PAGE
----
Governor Schwarzenegger has signed a bill that would make it illegal for paparazzi to take unauthorized photos of stars in "personal or familial activity.'' But will this really curb our insatiable desire for pics of Megan Fox and other luminaries?
In a flurry of bill-signing yesterday, Schwarzenegger approved a measure to make the taking or selling of unauthorized photos a crime punishable by a $50,000 fine. The bill also allows lawsuits against media companies that publish such photos. As the ABC News clip above points out, Schwarzenegger himself has been the victim of paparazzi pursuit, and he signed another bill a few years ago that tripled the damages stars could receive if they sued paparazzi for assault. But of course, paparazzi are still chasing people, and it's doubtful whether this new bill will make much of a change either.
Parade editor Jeanne Wolf (who rocks a pretty impressive Kiss of the Spider Woman look above) tells ABC,
Everyone would applaud this law if in fact it did teach paparazzi how to be dignified in their treatment of celebrities and public figures. I don't see that happening right away. What I do see happening is a bunch of court cases.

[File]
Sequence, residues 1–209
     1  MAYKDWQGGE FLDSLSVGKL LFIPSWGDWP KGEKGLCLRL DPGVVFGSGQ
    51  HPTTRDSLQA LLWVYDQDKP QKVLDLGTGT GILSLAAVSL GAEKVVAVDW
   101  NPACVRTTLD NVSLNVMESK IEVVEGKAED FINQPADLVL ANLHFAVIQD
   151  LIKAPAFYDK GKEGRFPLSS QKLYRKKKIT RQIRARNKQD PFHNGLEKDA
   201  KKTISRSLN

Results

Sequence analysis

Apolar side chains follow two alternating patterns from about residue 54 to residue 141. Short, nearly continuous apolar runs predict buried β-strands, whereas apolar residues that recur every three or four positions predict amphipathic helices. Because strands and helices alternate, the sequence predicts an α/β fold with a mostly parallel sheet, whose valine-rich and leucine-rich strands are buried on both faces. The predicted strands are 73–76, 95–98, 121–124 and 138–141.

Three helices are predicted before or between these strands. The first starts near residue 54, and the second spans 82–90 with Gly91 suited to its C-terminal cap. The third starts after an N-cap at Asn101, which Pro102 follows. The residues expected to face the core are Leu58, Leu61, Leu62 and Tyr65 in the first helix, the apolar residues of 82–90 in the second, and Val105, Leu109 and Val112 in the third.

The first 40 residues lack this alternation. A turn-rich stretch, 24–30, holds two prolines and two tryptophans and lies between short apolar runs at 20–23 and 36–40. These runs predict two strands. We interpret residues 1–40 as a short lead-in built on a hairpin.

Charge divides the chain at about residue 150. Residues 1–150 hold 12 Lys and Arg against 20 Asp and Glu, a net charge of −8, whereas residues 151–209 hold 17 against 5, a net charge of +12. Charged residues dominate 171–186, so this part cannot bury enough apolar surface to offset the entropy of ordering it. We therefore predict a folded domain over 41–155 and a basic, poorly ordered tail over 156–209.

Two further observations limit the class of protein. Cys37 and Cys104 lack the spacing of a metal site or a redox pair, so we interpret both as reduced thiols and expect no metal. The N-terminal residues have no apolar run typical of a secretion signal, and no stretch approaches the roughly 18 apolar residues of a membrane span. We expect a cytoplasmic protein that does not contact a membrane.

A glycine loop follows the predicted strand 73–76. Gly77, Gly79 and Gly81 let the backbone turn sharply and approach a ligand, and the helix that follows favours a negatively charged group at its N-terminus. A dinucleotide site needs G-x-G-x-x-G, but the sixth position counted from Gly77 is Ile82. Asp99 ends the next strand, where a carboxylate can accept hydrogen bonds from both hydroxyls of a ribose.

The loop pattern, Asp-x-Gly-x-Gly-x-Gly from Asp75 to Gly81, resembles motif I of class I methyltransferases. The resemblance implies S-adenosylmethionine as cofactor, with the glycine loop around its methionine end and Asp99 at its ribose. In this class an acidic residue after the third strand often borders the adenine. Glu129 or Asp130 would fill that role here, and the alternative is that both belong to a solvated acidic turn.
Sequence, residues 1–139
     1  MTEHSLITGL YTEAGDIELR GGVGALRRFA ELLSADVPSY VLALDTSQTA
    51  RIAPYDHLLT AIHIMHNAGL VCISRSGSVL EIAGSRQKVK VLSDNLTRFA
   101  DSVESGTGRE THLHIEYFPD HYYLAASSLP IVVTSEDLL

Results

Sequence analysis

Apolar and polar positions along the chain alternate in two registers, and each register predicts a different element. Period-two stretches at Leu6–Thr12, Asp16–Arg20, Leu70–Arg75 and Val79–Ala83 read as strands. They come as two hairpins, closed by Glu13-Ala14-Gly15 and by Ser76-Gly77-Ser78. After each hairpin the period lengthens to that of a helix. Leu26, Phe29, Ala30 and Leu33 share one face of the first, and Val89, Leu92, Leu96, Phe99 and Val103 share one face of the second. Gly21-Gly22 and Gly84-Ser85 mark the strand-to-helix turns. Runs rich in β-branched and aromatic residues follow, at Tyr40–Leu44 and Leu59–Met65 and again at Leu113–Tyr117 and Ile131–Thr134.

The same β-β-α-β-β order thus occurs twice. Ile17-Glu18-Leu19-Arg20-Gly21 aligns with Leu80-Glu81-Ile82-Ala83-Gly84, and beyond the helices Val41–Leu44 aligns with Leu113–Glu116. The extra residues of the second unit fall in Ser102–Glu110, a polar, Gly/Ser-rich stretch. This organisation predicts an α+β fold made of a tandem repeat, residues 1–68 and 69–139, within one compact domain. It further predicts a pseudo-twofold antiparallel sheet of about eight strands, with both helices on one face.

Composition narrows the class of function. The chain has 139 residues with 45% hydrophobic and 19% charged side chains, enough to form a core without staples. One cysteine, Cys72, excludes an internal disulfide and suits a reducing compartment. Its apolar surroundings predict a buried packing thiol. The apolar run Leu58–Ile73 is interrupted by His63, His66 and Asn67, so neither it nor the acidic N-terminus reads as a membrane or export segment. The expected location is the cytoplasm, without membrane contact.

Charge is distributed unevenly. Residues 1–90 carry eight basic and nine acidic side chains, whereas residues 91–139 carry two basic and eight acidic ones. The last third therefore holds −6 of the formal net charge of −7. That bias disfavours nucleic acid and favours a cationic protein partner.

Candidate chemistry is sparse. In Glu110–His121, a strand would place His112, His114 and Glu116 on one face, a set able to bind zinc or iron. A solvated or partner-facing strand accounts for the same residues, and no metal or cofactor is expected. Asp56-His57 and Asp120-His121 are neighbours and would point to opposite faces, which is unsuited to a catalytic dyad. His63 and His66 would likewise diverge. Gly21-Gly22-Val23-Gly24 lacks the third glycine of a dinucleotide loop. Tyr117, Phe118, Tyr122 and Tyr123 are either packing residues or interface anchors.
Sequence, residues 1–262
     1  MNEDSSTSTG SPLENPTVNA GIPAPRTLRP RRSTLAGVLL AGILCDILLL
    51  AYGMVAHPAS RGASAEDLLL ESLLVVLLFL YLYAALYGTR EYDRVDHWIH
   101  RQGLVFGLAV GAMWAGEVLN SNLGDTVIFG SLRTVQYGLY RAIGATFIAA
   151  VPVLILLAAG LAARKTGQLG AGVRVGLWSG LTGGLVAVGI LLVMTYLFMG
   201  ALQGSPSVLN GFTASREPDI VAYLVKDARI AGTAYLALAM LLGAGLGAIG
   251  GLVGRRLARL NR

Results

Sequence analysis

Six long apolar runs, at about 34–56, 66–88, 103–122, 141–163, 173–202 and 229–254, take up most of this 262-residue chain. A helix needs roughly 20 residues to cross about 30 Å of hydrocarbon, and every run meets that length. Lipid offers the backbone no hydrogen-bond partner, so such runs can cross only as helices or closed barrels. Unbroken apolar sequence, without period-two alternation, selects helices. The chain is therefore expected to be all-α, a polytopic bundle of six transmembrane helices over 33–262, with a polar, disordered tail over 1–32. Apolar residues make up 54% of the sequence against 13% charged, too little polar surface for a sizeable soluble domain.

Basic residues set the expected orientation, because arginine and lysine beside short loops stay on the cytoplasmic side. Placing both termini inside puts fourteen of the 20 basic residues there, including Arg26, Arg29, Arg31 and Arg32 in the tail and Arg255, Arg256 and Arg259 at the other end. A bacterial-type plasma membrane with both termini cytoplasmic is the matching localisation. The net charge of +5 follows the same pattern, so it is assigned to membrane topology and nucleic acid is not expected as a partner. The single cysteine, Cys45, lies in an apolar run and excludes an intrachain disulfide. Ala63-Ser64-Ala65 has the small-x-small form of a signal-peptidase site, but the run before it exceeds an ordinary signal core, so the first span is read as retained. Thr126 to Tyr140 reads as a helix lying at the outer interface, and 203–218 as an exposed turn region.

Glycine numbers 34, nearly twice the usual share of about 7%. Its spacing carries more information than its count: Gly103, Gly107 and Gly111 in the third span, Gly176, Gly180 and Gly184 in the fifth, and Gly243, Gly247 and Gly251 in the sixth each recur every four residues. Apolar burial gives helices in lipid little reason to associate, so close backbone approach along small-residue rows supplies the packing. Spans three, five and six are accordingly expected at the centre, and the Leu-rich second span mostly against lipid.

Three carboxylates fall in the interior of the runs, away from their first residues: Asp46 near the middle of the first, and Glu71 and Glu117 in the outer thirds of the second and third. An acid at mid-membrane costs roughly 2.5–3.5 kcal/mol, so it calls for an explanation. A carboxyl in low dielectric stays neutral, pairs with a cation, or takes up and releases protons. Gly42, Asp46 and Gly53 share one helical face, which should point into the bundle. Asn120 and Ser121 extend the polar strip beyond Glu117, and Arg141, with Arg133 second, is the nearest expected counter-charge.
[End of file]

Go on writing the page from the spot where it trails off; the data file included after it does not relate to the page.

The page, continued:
Maybe said court cases will make paparazzi a little more careful — for a while. But as long as there's significant money to be made in the "undignified treatment" of celebrities, paparazzi are going to be as undignified as they have to be. And the truth is, they are only a very small part of America's fucked-up relationship to its actors, especially female ones. The publicity actually sanctioned by celebrities — the airbrushed covers and tedious interviews and faux-inspirational weight-loss photo shoots — is just as big a problem as paparazzi photos. The only difference is that such publicity asks us to look up to celebs, while some paparazzi pis ask us to mock them. The latter is more fun, especially given the boring, self-serving content of most celebrity profiles, but both contribute to the idea that we should be watching actors' every move. If said actors really wanted to combat this, they could stop giving interviews, posing in bikinis, and selling exclusive photos to favored magazines. Until they do, they send the message that fame is okay as long as they control every aspect of it — which is more than a little hypocritical.
Schwarzenegger Signs Tougher Anti-Paparazzi Law [AP]
Gov.'s Surprise Bill Signings: Harvey Milk Recognition, Paparazzi Restrictions And Ammo Tracking [LA Times]
Governor Signs New Anti-Paparazzi Law [ABC]